each nine weeks) to monitor progress.
To view a sample writing process and strategies self-assessment,
research has led educators to seek a balance between teaching children how to use the writing process, teaching children the
strategies to use during various stages of the process, and teaching children the skills they need to create a successful
piece of writing (Biggam 182). For most students, a well-planned writer's workshop is more than enough to develop
writing skills and foster engagement. For others, though, individual interventions are needed.
who show low motivation to write and/or score poorly on the EWAS often struggle to get started or maintain stamina while writing.
Helping students manage writing time by providing specific deadlines may make a difference.
In our classroom, we use a Writing Deadline
Calendar to monitor our writing progress. At the beginning of each unit of study, we create deadlines together for each
stage of the writing process. Each writing workshop starts by reviewing the calendar and our goals. Students are
held accountable to the deadlines (by missing recess or specials to catch up if needed) and work hard to meet them.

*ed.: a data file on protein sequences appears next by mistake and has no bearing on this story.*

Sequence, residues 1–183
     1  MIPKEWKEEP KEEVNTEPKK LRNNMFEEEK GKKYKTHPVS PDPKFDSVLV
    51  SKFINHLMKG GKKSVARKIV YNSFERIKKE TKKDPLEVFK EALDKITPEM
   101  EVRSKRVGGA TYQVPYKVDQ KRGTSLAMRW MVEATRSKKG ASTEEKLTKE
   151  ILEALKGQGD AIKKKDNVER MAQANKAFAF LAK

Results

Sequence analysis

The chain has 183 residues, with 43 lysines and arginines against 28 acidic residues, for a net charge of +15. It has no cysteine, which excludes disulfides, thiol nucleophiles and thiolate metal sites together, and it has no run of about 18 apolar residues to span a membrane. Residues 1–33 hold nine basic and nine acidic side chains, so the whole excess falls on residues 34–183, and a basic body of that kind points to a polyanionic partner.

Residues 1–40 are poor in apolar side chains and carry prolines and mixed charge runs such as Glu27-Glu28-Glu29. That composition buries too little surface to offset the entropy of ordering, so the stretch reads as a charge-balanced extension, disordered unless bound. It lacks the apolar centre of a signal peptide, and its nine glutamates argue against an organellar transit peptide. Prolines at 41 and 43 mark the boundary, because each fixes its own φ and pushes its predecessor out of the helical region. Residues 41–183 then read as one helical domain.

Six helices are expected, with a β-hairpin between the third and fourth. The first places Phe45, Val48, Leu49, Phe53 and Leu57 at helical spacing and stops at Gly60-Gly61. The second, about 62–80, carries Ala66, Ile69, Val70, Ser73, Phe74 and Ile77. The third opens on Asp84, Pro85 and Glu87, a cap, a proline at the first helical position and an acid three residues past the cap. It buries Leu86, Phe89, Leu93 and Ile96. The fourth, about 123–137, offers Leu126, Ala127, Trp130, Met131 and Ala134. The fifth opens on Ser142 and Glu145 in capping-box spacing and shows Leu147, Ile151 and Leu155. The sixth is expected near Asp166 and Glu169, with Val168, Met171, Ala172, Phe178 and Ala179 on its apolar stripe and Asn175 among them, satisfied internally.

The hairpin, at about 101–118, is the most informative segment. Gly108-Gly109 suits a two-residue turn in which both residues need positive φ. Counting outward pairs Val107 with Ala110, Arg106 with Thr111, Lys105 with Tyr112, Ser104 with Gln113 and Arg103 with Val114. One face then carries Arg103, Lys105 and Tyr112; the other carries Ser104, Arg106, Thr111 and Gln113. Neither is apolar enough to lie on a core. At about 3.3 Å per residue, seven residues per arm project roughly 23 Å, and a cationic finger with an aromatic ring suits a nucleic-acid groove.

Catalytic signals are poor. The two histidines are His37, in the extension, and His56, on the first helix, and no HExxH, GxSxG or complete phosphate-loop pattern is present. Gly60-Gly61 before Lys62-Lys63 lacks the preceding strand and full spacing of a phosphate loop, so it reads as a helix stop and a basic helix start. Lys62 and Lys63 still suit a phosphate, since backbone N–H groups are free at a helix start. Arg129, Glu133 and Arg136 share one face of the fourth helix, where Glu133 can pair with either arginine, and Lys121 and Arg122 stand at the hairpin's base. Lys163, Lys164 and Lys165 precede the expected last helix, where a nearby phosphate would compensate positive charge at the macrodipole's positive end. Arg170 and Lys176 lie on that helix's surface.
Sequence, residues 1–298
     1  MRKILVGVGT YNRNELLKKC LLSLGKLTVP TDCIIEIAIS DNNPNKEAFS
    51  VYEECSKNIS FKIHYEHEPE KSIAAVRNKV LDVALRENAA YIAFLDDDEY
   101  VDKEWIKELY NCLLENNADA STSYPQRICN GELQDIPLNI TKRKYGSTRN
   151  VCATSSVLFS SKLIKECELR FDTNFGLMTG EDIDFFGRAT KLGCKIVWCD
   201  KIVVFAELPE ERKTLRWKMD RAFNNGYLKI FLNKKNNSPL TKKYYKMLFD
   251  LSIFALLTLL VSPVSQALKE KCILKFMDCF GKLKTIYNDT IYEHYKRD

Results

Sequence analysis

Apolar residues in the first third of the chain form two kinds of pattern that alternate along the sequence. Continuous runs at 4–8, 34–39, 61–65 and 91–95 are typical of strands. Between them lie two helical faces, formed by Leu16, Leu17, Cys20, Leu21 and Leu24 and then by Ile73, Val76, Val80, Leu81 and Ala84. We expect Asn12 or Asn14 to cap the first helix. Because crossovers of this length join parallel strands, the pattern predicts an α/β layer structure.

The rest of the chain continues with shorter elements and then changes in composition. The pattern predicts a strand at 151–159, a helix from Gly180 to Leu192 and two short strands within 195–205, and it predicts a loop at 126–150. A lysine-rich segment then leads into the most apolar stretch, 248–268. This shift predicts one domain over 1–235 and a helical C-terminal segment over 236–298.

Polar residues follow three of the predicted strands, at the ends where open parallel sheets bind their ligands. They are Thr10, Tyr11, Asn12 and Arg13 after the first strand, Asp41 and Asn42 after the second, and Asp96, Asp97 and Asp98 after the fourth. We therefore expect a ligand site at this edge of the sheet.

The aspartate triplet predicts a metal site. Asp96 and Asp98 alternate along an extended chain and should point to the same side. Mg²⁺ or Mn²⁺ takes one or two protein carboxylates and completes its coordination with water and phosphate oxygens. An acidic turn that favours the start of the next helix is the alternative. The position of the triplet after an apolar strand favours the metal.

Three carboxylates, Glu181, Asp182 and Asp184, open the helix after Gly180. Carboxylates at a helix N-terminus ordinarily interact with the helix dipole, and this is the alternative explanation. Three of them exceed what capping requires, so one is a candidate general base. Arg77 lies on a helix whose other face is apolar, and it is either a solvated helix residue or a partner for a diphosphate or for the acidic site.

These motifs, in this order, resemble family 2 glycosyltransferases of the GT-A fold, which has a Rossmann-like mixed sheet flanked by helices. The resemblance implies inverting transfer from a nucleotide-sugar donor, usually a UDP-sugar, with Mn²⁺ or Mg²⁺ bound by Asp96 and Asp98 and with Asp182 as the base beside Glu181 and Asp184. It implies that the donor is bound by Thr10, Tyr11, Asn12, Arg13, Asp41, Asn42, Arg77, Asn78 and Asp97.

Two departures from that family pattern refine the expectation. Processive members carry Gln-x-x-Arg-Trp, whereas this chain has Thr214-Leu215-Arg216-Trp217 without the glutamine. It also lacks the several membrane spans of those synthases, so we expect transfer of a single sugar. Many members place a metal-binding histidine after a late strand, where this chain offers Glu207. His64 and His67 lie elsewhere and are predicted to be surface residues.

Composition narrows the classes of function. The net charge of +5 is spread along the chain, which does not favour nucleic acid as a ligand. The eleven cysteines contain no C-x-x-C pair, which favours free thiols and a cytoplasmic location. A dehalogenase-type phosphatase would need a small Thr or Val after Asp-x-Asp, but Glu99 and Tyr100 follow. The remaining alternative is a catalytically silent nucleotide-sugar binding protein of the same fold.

Deadlines occur along the stages of the writing process (for example, all discovery drafts are due on a certain day).
For struggling writers, however, these deadlines aren't specific enough and they feel overwhelmed by the amount of writing
they need to do.
To help these writers, I breakdown each deadline
into smaller steps (often daily). For example, their goals might include completing specific sections of their writing
each day up until the whole class's goal of finishing a discovery draft. Checking off each small part of the larger
goal daily can be very rewarding; moreover, realizing a student is behind before Deadline Day allows time for teachers to
intervene before it's too late.
I created a large poster from a blank calendar template. I laminated this calendar
and write dates and deadlines on it with a dry erase marker. This way, I can use it over and over. View our Writing Deadline Calendar for our "Poem a Day" unit here.
Writing Process Roadmap
evaluating students' self-assessments, important areas of need will become obvious. Some students will need writing interventions
in selecting topics whereas others will need help with revision or editing. For many struggling writers, however, simply
managing the writing process is an obstacle. Creating a writing checklist to help these students remember the steps
of the writing process can make a difference. In our classroom, I post the writing steps on a bulletin board.
As students move through the writing process, they move their "pencil" into an envelope under their writing stage (brainstorming,
planning, drafting, etc.). As students move their pencil, they reread the poster describing the writing stage. I also
give students an outline of this process to keep in their writing folder. For most students, this "writing roadmap"
increases writing engagement and stamina.
View our writing bulletin board here.